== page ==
WebRTC and WebAudio add speed and simplicity.
For most of the history of the World Wide Web, users have primarily used the keyboard and mouse (and, more recently, touch) to interact with Web applications. Spoken input, whether spoken to an application or to another person, has always been a niche option, restricted to proprietary technologies and specific applications, such as video conferencing. Similarly, handling real-time audio other than speech, such as music, has also been very limited, although there are many potential applications for this kind of functionality. The music search service SoundHound, which can identify hummed or sung music, is one example, but potential applications include remote music lessons and distributed musical groups. Such applications are becoming more feasible as Web interaction in general moves from the desktop to mobile devices and wearables, with their ubiquitous and continually improving video and audio capture capabilities. However, proprietary technologies for audio and video capture, such as Flash, do have disadvantages—they require downloads, don't allow developers to reuse their Web application development skills, and are often restricted for use only on specific platforms.
Two emerging standards from the World Wide Web Consortium and Internet Engineering Task Force are starting to make audio and video first-class user interface options. WebRTC and WebAudio provide standards for capturing live audio and video from a device and sending it to a server (or even directly to another browser in a peer-to-peer connection). These standards will make it much easier to integrate speech and graphical interfaces. Standard audio capture functionality will make it possible to easily send speech to a cloud-based speech recognition service directly from a standard Web browser.
With these new standards, it should become much simpler to build multimodal Web-based applications for customer service. This applies to both automated applications and interactions with agents. Automated applications can take advantage of the graphical capabilities of desktop computers, smartphones, and tablets to overcome some of the limitations of purely voice-based IVR applications. For example, a multimodal IVR application using WebRTC could show users speech recognition results directly, instead of having to go through time-consuming confirmation dialogues. Enabling voice-in, text-out capabilities could speed up automated IVR interactions because the user wouldn't have to wait for the system to finish speaking in order to see what the system's response is. Support for interactions with live agents could also be made much simpler and more effective. For example, the user could show the agent a damaged part that might be difficult to describe in words. Or the agent could show the user how to operate a device, rather than having to try to describe it. This will speed user/agent conversations such as:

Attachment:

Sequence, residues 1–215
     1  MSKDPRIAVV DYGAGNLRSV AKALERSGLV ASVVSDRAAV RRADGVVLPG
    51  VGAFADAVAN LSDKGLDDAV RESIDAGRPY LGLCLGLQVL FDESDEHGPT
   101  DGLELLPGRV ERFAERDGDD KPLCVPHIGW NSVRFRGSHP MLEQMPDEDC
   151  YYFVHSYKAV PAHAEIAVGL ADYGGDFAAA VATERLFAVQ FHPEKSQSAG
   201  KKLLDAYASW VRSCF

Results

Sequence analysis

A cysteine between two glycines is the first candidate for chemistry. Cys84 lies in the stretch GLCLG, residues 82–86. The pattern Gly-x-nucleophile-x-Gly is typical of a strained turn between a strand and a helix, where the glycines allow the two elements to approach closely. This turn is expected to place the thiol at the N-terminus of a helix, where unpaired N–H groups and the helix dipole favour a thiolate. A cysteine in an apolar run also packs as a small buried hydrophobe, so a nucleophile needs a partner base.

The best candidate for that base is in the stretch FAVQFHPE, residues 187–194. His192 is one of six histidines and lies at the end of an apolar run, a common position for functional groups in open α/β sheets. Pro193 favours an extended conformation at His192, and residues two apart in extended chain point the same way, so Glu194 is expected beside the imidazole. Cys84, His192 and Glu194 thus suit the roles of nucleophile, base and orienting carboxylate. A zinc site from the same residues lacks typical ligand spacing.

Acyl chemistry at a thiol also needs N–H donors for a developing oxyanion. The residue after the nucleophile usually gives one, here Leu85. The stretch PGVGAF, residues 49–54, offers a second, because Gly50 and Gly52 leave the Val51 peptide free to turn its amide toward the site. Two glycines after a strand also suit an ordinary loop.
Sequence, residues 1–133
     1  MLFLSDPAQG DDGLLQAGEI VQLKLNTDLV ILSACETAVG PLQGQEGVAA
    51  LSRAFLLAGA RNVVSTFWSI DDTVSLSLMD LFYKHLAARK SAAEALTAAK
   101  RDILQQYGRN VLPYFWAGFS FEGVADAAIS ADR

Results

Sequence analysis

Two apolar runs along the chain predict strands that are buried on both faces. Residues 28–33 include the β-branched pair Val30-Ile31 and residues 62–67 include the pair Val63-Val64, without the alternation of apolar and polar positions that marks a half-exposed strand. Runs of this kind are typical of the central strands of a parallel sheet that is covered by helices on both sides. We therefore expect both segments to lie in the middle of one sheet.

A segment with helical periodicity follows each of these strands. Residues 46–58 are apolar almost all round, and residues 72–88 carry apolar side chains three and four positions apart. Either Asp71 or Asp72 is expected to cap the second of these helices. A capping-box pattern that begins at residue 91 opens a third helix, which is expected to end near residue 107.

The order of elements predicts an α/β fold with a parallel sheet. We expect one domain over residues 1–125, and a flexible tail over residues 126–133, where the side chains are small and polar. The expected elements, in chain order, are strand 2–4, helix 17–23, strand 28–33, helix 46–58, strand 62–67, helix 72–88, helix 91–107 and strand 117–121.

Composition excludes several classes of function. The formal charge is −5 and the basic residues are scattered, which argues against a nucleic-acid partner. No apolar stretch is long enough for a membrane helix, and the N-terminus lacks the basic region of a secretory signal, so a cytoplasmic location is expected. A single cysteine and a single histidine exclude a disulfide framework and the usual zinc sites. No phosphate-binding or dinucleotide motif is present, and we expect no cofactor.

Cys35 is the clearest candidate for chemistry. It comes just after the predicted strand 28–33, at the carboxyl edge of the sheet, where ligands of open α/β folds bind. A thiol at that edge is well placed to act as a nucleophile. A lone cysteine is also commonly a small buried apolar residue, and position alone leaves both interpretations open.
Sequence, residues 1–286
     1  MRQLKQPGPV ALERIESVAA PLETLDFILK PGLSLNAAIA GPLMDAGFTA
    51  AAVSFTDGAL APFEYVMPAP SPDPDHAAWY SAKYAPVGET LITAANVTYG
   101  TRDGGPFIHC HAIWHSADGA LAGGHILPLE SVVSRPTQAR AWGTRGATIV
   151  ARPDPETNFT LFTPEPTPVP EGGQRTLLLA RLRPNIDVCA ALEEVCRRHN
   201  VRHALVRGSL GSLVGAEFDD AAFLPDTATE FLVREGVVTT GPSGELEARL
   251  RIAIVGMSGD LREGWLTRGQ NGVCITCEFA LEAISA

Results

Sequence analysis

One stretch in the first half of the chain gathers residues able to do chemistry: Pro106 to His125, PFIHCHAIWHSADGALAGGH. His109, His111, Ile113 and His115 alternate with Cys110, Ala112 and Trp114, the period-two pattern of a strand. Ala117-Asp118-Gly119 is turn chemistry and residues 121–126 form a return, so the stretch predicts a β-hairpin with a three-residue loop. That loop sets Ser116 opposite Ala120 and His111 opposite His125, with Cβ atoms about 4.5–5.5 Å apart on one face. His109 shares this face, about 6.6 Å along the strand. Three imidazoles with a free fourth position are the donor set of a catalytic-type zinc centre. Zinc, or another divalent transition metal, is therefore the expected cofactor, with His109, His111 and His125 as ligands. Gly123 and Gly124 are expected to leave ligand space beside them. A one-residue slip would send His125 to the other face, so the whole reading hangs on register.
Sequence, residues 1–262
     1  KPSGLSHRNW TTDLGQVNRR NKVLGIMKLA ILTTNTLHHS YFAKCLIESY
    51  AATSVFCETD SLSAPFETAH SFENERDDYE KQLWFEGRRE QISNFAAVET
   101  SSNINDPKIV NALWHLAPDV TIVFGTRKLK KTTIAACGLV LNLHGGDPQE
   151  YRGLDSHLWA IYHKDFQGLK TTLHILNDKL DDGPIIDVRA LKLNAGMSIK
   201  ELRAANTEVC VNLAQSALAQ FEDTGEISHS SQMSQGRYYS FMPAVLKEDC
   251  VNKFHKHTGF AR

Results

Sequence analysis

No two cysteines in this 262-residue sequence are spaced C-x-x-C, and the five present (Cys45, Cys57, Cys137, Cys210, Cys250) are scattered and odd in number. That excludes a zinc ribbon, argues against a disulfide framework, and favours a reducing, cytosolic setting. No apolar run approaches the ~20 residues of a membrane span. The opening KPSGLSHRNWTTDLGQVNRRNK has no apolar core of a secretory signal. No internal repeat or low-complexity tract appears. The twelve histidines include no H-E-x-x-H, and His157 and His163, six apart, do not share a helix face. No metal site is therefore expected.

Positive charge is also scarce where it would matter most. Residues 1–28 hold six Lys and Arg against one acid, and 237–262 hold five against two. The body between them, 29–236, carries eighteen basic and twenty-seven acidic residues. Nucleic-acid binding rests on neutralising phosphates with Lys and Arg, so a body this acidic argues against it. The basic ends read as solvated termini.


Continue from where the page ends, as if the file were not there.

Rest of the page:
"How can I reset my printer?"
"Do you see the red button on the top left, next to the green button?"
"Do you mean the one that says 'power'?"
"No, the one under that."
"I don't think I have a red button there."
"Oh, are you sure you have model 617T5?"
"It looks like I actually have model 617C5."
"OK, then the red button will be on the top right..."
Instead, the agent could just say, "Show me your printer." Then, "You need to press the red button on the top right."
Despite the fact that WebRTC is still in a working draft stage (which means the specification might still change), it has been implemented in Chrome, Firefox, Android, and Opera. With that broad base of browser support, it is well worth exploring the standard and prototyping applications now.
Deborah Dahl, Ph.D., is principal at speech and language consulting firm Conversational Technologies and chair of the World Wide Web Consortium's Multimodal Interaction Working Group. She can be reached at email@example.com.